Cadogan v Chehab  EWHC 3297 (Admin), (only available on Casetrack) is noted in the current edition of Legal Action, but, so far as I can tell, hasn’t been picked up anywhere else. It’s only worthy of a short note though, which is set out below.
Chehab was the assured tenant of a flat owned by the appellant. The tenancy had arisen upon the expiry of a long leasehold interest. The rent had been agreed at £17,000 p.a. but, in 2008, the landlord served notice under s.13, Housing Act 1988, seeking to increase the rent to £29,120 p.a. and, in due course, the matter was referred to the Rent Assessment Committee.
Both parties put in evidence from a surveyor and were represented by their surveyors in the hearing. Following the hearing, the surveyor for the tenant submitted an additional report. The report was sent to the RAC but not to the landlord (the tenant apparently thought the RAC would forward a copy which, to be fair, it appears to have done with other, earlier, documents). Based partly on that supplemental report, the RAC set the rent at £22,500 p.a. The landlord appealed.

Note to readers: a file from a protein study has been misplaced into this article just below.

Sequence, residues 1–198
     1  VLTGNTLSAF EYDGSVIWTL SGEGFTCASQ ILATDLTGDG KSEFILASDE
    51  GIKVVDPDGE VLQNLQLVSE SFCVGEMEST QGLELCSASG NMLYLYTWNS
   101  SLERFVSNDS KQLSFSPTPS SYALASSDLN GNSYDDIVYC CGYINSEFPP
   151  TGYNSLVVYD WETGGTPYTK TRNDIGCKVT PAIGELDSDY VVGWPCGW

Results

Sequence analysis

The appeal was allowed. It was wrong of the RAC to have made a decision based on the supplemental report without allowing the landlord to respond. Although the RAC appeared to have a practice of forwarding documents to the other party, it was advisable for the parties themselves to ensure that their documents were provided to the other side.
In addition, the RAC had erred in not taking into account the additional security of tenure conferred on an assured tenant and should have reflected this security in the rental level. The Judge declined to rule on what would happen if, taking that security into account, the RAC set the rent at more than £25,000 (such that security of tenure would be lost, as the tenancy could no longer be an assured tenancy).